“Hope to Achieve Beauty”: A Class Day Talk at the Graduate School of Design
Architect Denise Scott Brown recommends hitchhiking and the brave results that can emerge from tackling hard problems.
“Dare to contemplate the crazy—it may lead to deeper sanity—and the ugly. It may be right and eventually even beautiful—but this is risky,” renowned architect and urban planner Denise Scott Brown told her audience on Class Day at the Graduate School of Design (GSD).
Scott Brown’s wide-ranging speech touted boldness, but also covered her childhood in South Africa, her battles as an urban planner, the woes of being rejected for projects, and the utter joys of hitchhiking, which she did extensively as a young woman and recommended highly to the graduates as a way to truly experience the wider world and make international friends. “You will never see the world again the same way when you are older,” she asserted.
Now based in Philadelphia, Scott Brown is a former lecturer at the GSD and in 2002 designed the campus plan for the Radcliffe Institute for Advanced Study. She is a principal of Venturi, Scott Brown Associates and, along with her husband, Robert Venturi, is among the most highly regarded architects of the twentieth century.
But in her speech she was quick to downplay her influence, saying that she was now a grandmother adept at writing living wills and more in demand more for her institutional knowledge than for her architecture. The advice offered the crowd in the Gund auditorium was sound nonetheless. “‘Yes we can’ must vie with economic depression,” she said. “This can be an exciting time if we remember that smaller budgets call for greater imagination and tackling hard problems can produce brave and beautiful results.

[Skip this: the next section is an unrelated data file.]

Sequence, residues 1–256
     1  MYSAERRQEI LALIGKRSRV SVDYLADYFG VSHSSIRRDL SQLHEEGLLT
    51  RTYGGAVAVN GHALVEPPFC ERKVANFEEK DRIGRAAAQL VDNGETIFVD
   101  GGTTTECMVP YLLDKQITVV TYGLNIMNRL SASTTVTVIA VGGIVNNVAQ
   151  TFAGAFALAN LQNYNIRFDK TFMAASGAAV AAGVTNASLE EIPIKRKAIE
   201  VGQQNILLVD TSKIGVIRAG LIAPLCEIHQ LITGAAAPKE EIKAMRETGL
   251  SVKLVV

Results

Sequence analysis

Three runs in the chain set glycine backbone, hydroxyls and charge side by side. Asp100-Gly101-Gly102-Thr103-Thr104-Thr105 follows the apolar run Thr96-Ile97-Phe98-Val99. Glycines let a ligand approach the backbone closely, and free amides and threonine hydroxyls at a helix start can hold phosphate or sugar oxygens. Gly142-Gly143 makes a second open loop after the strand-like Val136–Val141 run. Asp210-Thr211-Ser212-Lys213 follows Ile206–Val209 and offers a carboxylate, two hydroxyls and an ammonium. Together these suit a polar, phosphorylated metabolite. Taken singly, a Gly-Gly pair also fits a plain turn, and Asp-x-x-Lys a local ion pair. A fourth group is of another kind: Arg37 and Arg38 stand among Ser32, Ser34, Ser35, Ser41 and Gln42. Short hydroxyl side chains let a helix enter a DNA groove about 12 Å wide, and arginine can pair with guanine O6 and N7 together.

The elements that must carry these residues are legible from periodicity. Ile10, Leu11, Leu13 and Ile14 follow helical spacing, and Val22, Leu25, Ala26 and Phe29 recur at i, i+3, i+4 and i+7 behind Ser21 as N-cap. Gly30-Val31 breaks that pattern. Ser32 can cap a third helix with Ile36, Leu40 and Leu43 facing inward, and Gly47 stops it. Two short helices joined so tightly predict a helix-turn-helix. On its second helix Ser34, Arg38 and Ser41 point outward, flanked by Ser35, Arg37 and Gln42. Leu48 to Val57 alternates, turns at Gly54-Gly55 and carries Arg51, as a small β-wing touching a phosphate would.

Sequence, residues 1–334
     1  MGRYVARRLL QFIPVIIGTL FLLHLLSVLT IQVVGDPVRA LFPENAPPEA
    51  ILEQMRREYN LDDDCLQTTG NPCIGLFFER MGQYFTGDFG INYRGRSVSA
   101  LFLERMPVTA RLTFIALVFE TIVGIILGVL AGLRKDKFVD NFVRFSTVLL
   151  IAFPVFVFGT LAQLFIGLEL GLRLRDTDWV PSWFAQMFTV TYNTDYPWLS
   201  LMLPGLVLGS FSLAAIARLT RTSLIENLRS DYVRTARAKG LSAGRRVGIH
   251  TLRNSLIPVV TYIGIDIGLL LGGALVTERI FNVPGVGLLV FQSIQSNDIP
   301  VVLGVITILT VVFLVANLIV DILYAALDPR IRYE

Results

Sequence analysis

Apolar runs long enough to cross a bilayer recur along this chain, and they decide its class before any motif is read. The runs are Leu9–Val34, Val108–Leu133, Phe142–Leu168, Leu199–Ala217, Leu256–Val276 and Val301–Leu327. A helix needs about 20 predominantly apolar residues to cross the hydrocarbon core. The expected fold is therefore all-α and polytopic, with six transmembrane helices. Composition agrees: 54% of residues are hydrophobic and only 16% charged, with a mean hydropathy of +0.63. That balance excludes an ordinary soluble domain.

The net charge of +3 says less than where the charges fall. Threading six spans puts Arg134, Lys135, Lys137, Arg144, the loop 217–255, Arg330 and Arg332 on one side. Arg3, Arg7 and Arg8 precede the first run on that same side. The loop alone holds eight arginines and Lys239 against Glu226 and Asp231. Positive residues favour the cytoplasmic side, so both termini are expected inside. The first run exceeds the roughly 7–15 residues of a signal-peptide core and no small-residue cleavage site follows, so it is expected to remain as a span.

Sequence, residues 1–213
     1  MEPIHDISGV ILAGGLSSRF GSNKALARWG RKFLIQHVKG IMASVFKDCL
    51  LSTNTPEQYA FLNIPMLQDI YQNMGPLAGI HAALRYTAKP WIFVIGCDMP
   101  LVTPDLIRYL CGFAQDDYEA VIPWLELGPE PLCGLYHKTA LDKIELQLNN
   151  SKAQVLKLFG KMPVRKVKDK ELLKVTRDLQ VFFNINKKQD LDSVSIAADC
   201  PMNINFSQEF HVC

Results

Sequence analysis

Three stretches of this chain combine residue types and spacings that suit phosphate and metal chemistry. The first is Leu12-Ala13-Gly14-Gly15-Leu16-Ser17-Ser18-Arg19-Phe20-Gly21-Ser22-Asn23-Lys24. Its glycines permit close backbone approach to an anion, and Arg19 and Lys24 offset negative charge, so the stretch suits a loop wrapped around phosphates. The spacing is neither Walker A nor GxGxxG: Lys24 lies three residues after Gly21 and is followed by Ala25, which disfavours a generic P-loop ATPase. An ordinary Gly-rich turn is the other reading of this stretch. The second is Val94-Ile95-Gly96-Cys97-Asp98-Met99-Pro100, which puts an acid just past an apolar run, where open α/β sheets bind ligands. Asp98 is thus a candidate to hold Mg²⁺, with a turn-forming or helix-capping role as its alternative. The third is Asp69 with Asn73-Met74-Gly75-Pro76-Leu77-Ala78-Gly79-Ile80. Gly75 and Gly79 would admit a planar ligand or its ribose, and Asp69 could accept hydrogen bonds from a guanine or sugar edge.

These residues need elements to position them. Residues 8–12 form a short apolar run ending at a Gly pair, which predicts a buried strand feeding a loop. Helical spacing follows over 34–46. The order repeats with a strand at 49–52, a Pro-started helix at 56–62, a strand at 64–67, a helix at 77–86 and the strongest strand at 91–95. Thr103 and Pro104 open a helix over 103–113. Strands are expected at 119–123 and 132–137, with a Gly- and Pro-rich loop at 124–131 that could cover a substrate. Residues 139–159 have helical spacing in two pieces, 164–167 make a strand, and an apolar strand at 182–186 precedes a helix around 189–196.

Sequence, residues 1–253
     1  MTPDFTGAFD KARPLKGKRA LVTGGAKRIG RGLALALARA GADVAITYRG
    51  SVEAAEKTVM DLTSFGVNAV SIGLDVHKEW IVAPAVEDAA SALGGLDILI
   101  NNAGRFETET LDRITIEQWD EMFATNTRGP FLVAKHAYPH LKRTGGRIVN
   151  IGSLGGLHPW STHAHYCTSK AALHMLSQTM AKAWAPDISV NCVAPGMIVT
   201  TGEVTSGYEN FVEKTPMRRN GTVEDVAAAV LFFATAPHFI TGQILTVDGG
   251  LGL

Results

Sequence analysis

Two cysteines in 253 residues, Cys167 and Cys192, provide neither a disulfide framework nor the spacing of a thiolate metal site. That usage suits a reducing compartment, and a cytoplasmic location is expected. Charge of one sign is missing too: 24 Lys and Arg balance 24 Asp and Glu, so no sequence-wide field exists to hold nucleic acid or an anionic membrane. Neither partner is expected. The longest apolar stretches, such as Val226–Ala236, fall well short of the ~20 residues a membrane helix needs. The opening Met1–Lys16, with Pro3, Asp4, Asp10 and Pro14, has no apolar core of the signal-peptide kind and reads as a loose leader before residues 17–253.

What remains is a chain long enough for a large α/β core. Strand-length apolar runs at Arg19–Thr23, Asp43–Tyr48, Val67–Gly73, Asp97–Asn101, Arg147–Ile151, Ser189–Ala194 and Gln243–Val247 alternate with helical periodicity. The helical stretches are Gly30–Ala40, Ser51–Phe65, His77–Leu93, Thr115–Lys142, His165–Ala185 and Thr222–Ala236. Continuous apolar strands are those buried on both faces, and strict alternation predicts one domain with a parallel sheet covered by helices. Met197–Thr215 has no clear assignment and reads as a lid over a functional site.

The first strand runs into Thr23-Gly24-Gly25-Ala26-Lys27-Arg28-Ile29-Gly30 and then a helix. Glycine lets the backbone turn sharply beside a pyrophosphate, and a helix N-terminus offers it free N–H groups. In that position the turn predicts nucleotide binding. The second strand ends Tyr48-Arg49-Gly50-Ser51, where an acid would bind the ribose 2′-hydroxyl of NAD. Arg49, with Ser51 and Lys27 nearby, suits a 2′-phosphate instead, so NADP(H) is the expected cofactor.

“The feeling of seeing a building that is in good shape and functioning well that you conceived of is an unbeatable experience,” she added—despite the intense vicissitudes of a career in architecture, including the recognition that equality for minorities and women is “a long way off,” and that the glass ceiling is alive and well. She also spoke of “finding that the processes and persons in professional life can be immoral,” “that your own good colleagues can betray—and that is very sad to see. But I guess this is business.”
To counter the practicalities of the negative, she urged the graduates to listen to their own “heart, mind, and eyes.” And she advised them, in the end, to “cleave to function for moral and aesthetic reasons, and hope to achieve beauty—even if it is an agonized type tuned to the tension of our times.”
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